Abstract 2869: Is Ankle Brachial Index a Cost-Effective Screening Tool in Asymptomatic Older Adults?
Background: Previous reports indicate that about 5% of adults aged 40 years or older have an ankle brachial index (ABI) <0.90, an indicator of peripheral vascular disease in the lower extremities (LE). ABI is therefore recommended as a screening tool for cardiovascular disease (CVD), particularly in older adults. The average US cost of performing an ABI is $61.
Objective: The goal of this study is to determine the prevalence of an ABI <0.90 and associated detection costs, in an asymptomatic sample of 1,017 older adults, aged 60–72 years, enrolled in the Atherosclerotic Disease VAscular FunctioN and GenetiC Epidemiology (ADVANCE) study.
Methods: Frequency distributions, sensitivity and specificity, and associated costs of ABI by history of LE circulation problems, CVD risk factors and Framingham risk score (FRS) were calculated.
Results: The prevalence of ABI <0.90 was 2.2%, history of LE circulation problems was 4.4%, while 19.9% had a FRS >20%. Compared to persons with a normal ABI (≥0.90–1.39), persons with an ABI <0.90 were more likely to be smokers (p=0.02), obese (BMI>30, p=0.05), diabetics (p=0.02), physically inactive (p=0.004), have a FRS >20% (p=0.004), and a coronary artery calcium score >10 (p=0.02). ABI >0.90 had a sensitivity of 8.9%, with a specificity of 98.1%, for those reporting LE circulation problems. The positive predictive value of a FRS >20% to detect an ABI <0.90 was 50%. The total estimated cost of using ABI as a screening tool was $62,037. Regardless of FRS, the cost to detect those not reporting LE circulation problems but having an ABI <0.90 was $59,292 ($3294/person). However, for those with a FRS ≤20, not reporting LE circulation problems, the cost to detect those with an ABI <0.90, was $47,458 ($4,746/person).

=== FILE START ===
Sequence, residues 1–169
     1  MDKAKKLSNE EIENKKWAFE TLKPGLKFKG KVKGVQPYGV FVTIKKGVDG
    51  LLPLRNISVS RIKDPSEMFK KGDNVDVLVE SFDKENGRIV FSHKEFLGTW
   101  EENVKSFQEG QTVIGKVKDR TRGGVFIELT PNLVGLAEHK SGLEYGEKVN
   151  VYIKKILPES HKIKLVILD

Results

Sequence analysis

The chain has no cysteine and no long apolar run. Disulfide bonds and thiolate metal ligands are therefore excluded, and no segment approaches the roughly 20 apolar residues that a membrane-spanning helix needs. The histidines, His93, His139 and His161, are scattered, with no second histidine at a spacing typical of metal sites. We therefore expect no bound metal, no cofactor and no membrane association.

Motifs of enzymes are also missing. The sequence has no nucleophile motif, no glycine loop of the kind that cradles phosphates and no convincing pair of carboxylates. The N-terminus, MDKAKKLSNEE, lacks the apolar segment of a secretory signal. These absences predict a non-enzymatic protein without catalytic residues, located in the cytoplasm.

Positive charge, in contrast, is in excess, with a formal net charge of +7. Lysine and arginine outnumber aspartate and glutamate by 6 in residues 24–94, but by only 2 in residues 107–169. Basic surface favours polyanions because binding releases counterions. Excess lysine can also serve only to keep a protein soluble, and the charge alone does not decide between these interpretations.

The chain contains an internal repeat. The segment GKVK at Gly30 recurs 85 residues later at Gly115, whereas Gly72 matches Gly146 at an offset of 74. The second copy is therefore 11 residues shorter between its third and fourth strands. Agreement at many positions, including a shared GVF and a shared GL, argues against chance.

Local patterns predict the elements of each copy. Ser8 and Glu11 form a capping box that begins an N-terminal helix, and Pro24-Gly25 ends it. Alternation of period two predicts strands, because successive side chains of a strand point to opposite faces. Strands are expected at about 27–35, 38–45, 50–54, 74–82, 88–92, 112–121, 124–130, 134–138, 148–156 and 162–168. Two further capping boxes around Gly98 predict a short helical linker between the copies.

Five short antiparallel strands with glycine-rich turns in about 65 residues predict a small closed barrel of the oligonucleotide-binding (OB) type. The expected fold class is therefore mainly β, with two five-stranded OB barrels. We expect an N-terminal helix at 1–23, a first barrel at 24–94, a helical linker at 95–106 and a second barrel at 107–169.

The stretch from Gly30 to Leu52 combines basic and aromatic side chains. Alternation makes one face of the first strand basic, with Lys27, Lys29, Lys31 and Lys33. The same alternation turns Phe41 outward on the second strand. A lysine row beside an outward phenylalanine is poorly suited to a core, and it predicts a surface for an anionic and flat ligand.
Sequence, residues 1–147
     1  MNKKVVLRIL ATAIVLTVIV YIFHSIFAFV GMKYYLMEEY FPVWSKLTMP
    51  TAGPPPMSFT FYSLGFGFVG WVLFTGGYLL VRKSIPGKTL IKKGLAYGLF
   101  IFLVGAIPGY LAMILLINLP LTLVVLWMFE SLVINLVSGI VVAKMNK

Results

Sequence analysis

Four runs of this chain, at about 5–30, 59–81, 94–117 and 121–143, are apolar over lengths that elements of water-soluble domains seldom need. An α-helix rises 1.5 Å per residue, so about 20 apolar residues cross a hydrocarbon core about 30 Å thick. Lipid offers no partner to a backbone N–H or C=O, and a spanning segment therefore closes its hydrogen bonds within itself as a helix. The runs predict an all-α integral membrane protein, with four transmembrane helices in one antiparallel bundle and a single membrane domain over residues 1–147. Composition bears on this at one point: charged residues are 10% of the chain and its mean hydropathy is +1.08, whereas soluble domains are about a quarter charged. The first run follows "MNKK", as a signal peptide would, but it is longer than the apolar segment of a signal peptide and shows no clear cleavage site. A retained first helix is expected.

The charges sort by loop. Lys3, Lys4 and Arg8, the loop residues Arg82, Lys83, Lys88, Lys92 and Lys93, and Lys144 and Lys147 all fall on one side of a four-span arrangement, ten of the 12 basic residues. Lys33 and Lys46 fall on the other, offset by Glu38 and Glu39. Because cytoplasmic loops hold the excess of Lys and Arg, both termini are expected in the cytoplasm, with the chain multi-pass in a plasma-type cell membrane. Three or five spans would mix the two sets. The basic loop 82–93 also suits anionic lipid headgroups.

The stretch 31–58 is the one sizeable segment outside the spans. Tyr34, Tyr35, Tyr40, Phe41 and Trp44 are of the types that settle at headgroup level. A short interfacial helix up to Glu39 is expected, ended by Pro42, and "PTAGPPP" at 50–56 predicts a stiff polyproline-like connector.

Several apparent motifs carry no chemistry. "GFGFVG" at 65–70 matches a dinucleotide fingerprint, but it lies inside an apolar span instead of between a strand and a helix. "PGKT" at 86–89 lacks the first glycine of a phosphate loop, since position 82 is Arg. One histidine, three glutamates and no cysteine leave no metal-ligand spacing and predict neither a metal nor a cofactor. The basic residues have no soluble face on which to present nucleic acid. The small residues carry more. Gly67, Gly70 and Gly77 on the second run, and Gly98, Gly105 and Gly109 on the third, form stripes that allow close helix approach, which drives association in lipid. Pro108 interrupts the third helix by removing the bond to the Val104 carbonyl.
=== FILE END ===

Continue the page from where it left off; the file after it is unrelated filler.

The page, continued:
Conclusions: In asymptomatic older adults, ABI as a screening tool will likely yield only a few positive cases at a relatively large cost. The FRS >20% was no better than chance in positively predicting those with an ABI <0.90. Our data suggest that it may be more cost-effective to utilize a careful history of LE circulation problems and to provide care aimed at CVD risk factor reduction, including physical activity and/or walking counseling for all older adults.